However, if a quarterback is pressured, they do have that opportunity and advanced stats tell us that quarterbacks perform far worse under pressure than with a clean pocket. PFF determined that in 2016, quarterbacks saw their passer rating drop on average by 32.7 when they were pressured, versus when they could throw from a clean pocket.

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A similar trend is seen with interception rates. In 2016, there were 219 interceptions thrown by 37 quarterbacks on 12,100 pass attempts from a clean pocket, a rate of 1.8%. Conversely, those same 37 quarterbacks combined to throw 153 interceptions on 4,942 attempts when pressure was faced, a rate of 3.1%.

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Therefore, while there is not a correlation between sack rate and interception rate, there is a positive relationship between pressure rate and interception rate. Why has this been a focus of this article?

I wanted to examine if Lovie Smith’s propensity for playing fast, getting off the ball and attacking the quarterback translates to pressures and thus interceptions.

Smith’s 4-3 defense preaches an aggressive, one-gapping style that allows his players to get upfield and closer towards the quarterback at a quicker rate than a 3-4 gap control defense does. Has that philosophy translated to production, though?

The Texans finished with the 3rd fewest quarterback pressures (124) and the 6th worst pressure percentage (20.7%) in 2021. Furthermore, via my personal tracking of their 17 interceptions, only seven were thrown under pressure, versus 10 thrown from a clean pocket.

INTs Thrown Under Pressure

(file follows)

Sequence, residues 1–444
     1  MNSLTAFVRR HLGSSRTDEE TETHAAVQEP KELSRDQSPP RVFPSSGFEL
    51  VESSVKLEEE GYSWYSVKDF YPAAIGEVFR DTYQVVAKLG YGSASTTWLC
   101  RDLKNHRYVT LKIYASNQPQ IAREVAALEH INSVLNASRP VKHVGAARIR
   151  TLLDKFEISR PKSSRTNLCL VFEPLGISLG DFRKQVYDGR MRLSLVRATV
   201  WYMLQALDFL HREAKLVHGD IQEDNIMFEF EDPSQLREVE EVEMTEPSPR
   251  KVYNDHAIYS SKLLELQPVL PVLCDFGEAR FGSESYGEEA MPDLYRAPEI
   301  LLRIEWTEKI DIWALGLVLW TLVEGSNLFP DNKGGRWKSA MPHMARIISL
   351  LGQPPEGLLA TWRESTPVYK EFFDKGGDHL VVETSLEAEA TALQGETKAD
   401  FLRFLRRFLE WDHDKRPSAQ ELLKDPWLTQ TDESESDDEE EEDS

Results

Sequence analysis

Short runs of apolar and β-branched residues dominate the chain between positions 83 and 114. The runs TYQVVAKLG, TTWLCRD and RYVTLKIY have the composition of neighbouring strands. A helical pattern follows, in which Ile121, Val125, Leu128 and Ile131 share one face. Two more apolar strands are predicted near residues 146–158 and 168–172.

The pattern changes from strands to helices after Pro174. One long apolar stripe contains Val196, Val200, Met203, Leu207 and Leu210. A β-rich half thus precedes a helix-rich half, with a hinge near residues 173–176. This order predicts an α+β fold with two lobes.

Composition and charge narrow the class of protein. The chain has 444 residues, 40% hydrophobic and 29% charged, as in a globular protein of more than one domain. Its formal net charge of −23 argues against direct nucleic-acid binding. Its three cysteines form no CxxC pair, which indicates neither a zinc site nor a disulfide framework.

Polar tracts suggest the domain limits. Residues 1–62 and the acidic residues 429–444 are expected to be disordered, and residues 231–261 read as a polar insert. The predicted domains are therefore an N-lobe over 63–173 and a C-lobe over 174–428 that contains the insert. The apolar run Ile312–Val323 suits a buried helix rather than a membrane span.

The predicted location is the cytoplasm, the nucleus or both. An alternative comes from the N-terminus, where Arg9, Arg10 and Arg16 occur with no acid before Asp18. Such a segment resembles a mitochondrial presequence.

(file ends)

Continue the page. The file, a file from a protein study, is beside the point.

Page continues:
First, let’s further examine the seven interceptions thrown under pressure. There are two sub-groups here; pressure caused by the defensive line winning their 1on1s (six interceptions), and pressure schemed up by a blitz or simulated pressure (one interception).


At first glance, generating more interceptions under, what we’ll call “natural” pressure, versus “schemed” pressure might lead one to believe that Smith’s principles of playing fast and getting off the ball are in fact leading to more pass rush wins and thus interceptions.

However, this stat is clouded by volume metrics. What I mean by this is Smith’s defense rushes four at an overwhelming rate and only blitzes 19.5% of the time, good for 3rd lowest in the league. By calling the 3rd fewest blitzes in the NFL (117 total), of course there are less opportunities for these “schemed” pressures and more opportunities for “natural” pressures.

Furthermore, while Smith doesn’t take the opportunity to scheme up pressures very often, there is another defensive philosophy that he could implement to confuse quarterbacks, make them hold onto the ball longer and thus lead to more pressures.

That being said, the idea of utilizing coverage disguises or rotations is one that is either foreign or allergenic to Smith. We all know he loves to call Tampa 2 and what’s even worse about calling this outdated, basic coverage is that he rarely disguises it. What you see is what you get with the Texans defense.